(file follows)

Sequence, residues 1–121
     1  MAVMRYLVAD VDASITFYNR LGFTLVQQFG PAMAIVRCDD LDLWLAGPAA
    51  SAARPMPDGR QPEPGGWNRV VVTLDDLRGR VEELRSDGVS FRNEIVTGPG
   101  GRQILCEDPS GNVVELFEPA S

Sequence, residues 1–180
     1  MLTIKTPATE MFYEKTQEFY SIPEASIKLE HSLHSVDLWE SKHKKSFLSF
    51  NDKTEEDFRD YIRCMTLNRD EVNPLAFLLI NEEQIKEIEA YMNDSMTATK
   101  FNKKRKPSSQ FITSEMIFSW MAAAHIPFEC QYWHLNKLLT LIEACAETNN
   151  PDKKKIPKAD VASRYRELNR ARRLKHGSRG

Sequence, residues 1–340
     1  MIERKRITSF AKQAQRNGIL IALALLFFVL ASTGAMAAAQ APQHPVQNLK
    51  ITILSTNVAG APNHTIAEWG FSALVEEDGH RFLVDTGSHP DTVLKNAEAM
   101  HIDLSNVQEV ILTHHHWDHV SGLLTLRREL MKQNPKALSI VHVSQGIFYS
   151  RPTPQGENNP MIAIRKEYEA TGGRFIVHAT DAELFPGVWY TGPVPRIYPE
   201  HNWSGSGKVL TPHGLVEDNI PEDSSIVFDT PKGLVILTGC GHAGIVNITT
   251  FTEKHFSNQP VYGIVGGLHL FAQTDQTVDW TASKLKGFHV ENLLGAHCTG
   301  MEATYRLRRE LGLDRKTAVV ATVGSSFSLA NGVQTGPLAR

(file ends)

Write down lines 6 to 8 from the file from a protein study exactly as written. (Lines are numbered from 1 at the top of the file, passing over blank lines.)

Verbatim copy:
     1  MLTIKTPATE MFYEKTQEFY SIPEASIKLE HSLHSVDLWE SKHKKSFLSF
    51  NDKTEEDFRD YIRCMTLNRD EVNPLAFLLI NEEQIKEIEA YMNDSMTATK
   101  FNKKRKPSSQ FITSEMIFSW MAAAHIPFEC QYWHLNKLLT LIEACAETNN